Dutch court jails drugs gang who built torture room and cells in containers


In a case that rocked the Netherlands, a Dutch court sentenced 11 men to one to nine years in prison for running a “underworld prison” with a torture chamber hidden in shipping containers.

The investigation focused around seven containers discovered by police in a southern Dutch woodland over two years ago, following up on information from a hack of the popular EncroChat encrypted phone system used by criminal groups across Europe.

During the raid, authorities discovered a dentist’s chair, as well as pruning shears, a saw, scalpels, and pliers in one of the containers. The remaining six containers were converted into prison cells.

“The court found that the suspects all contributed to a plan to kidnap, ransom, blackmail, torture and kill criminal opponents or their relatives,” the Amsterdam district court said in a statement on Wednesday. “The men formed a group based on a fight over money in the criminal world and planned to take the law into their own hands. The lack of respect for the personal freedom and integrity of others is shocking.”

The main suspect has been identified as Roger P, 50, also known as “Piet Costa” in the underworld, reportedly due to his frequent trips to Costa Rica.

Costa was sentenced to an extra 33 months in prison after being sentenced to 15 years for cocaine trafficking last month.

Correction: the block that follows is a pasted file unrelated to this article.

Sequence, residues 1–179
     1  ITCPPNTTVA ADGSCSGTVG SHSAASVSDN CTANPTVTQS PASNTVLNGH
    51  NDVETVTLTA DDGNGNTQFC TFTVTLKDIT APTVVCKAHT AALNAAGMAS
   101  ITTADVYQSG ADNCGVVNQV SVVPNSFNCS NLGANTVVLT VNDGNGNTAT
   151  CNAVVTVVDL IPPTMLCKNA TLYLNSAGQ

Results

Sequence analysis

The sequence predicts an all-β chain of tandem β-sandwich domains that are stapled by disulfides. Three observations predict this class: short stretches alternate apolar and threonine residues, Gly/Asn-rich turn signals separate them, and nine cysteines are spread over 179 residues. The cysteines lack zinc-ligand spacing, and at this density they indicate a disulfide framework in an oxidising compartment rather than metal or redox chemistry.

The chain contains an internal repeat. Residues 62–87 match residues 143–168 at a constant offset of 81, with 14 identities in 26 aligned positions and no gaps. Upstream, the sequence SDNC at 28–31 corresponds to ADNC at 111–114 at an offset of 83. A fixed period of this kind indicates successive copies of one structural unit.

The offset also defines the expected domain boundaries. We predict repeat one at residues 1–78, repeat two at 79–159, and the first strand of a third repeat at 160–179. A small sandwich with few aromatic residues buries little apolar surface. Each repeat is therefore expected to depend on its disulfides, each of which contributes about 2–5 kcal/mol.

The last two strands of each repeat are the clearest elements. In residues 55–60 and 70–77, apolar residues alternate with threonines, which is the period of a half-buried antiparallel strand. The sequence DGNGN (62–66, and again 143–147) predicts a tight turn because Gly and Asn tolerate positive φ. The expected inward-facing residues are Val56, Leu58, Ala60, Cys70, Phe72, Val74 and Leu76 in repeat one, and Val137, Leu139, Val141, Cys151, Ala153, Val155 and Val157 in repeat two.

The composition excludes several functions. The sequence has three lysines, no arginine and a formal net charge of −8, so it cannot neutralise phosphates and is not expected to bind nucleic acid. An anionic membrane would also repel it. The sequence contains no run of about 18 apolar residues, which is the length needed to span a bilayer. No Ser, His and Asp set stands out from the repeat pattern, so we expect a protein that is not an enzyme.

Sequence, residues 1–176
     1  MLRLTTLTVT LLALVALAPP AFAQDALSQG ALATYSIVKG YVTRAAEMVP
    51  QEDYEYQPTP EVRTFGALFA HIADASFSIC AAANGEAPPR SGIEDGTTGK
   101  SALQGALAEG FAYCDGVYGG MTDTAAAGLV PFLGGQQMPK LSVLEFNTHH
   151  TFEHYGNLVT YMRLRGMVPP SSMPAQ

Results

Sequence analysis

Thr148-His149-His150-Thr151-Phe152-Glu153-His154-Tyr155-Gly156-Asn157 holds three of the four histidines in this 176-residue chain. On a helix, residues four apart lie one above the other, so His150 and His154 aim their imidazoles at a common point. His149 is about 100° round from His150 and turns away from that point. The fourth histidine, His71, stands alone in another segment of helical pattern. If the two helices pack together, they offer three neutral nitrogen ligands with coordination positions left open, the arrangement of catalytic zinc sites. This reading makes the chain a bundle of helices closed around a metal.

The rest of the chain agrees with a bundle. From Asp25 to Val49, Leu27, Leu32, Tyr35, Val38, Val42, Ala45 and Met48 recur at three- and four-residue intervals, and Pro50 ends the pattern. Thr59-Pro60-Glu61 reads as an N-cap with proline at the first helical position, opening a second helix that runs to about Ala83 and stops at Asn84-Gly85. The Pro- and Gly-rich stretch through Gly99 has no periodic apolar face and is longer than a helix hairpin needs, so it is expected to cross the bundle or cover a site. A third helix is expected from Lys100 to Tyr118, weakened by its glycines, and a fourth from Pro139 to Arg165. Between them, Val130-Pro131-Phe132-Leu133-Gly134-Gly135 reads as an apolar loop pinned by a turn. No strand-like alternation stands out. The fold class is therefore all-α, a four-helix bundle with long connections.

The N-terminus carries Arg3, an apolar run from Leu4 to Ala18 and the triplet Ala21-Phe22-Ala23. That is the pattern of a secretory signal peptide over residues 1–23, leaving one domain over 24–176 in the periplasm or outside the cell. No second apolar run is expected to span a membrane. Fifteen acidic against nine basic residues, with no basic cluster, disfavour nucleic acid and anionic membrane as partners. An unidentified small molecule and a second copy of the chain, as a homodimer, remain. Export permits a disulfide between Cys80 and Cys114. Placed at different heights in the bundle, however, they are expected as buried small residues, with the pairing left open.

His 40-year-old right-hand man was sentenced to eight years in prison. A total of ten persons were sentenced, with one being acquitted.

After hacking the EncroChat encrypted system in 2020, Dutch police uncovered the prison complex, and courts ruled that evidence from the system may be used in court.

The offenders used EncroChat to send chat messages such as “we need enough belts and tie-wraps to tie them” and “we need cutting pliers for fingers and toes.”

One public prosecutor noted during the trial that the evidence should educate recreational cocaine users of the repercussions of their addictions, according to a Dutch prosecutor.

Koos Plooij told the court in February that the drug trade’s violence was a “repulsive, but unfortunately inescapable” effect of widespread illegal drug usage in the Netherlands and neighboring nations.

“The question is how many people are willing to admit that there is a link between their cocaine use – whether it is to party, deal with work stress, or suppress psychological problems – and the underworld, which is happy to meet demand but follows its own set of rules: corrupting, undermining, tough, sparing nothing and nobody,” Plooij said.

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